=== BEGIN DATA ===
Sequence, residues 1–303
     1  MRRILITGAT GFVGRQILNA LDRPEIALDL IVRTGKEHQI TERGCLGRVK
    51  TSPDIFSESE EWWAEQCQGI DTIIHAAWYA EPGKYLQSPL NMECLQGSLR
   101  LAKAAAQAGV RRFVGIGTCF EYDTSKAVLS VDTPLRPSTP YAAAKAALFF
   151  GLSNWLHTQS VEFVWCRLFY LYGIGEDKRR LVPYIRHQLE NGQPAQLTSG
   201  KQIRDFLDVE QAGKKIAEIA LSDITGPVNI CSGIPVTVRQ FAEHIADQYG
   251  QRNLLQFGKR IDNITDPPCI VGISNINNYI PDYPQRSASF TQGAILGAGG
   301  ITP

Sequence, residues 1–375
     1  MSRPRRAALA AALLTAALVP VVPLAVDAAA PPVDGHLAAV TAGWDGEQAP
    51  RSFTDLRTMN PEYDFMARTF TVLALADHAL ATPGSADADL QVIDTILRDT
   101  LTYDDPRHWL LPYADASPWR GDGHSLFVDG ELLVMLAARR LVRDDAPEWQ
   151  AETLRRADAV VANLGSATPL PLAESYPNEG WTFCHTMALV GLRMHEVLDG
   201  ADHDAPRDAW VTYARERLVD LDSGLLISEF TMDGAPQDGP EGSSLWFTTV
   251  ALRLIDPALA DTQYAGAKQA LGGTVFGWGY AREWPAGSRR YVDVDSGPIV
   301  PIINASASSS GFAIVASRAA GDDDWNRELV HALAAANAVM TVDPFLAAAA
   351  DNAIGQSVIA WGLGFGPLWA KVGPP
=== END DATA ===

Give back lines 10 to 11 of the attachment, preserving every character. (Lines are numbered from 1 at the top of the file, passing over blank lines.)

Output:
     1  MSRPRRAALA AALLTAALVP VVPLAVDAAA PPVDGHLAAV TAGWDGEQAP
    51  RSFTDLRTMN PEYDFMARTF TVLALADHAL ATPGSADADL QVIDTILRDT